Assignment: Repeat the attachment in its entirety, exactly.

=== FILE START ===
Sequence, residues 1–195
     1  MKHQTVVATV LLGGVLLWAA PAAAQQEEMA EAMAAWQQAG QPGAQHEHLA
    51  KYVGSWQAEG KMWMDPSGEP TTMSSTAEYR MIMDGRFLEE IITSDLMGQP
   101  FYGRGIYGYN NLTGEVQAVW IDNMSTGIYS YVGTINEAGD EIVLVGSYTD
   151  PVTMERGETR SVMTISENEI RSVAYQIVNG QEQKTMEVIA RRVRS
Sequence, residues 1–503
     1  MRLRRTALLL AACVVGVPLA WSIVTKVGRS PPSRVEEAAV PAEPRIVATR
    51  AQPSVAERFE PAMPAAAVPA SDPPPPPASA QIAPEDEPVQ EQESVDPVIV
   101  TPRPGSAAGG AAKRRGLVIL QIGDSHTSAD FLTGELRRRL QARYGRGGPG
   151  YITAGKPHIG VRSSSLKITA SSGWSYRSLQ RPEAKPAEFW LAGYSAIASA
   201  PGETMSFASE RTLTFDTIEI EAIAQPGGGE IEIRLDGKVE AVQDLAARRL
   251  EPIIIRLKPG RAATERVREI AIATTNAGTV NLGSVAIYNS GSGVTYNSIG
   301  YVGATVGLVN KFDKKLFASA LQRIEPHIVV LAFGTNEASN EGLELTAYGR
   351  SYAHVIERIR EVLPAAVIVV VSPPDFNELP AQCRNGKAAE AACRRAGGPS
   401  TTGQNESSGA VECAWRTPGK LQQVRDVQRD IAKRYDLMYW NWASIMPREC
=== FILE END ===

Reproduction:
Sequence, residues 1–195
     1  MKHQTVVATV LLGGVLLWAA PAAAQQEEMA EAMAAWQQAG QPGAQHEHLA
    51  KYVGSWQAEG KMWMDPSGEP TTMSSTAEYR MIMDGRFLEE IITSDLMGQP
   101  FYGRGIYGYN NLTGEVQAVW IDNMSTGIYS YVGTINEAGD EIVLVGSYTD
   151  PVTMERGETR SVMTISENEI RSVAYQIVNG QEQKTMEVIA RRVRS
Sequence, residues 1–503
     1  MRLRRTALLL AACVVGVPLA WSIVTKVGRS PPSRVEEAAV PAEPRIVATR
    51  AQPSVAERFE PAMPAAAVPA SDPPPPPASA QIAPEDEPVQ EQESVDPVIV
   101  TPRPGSAAGG AAKRRGLVIL QIGDSHTSAD FLTGELRRRL QARYGRGGPG
   151  YITAGKPHIG VRSSSLKITA SSGWSYRSLQ RPEAKPAEFW LAGYSAIASA
   201  PGETMSFASE RTLTFDTIEI EAIAQPGGGE IEIRLDGKVE AVQDLAARRL
   251  EPIIIRLKPG RAATERVREI AIATTNAGTV NLGSVAIYNS GSGVTYNSIG
   301  YVGATVGLVN KFDKKLFASA LQRIEPHIVV LAFGTNEASN EGLELTAYGR
   351  SYAHVIERIR EVLPAAVIVV VSPPDFNELP AQCRNGKAAE AACRRAGGPS
   401  TTGQNESSGA VECAWRTPGK LQQVRDVQRD IAKRYDLMYW NWASIMPREC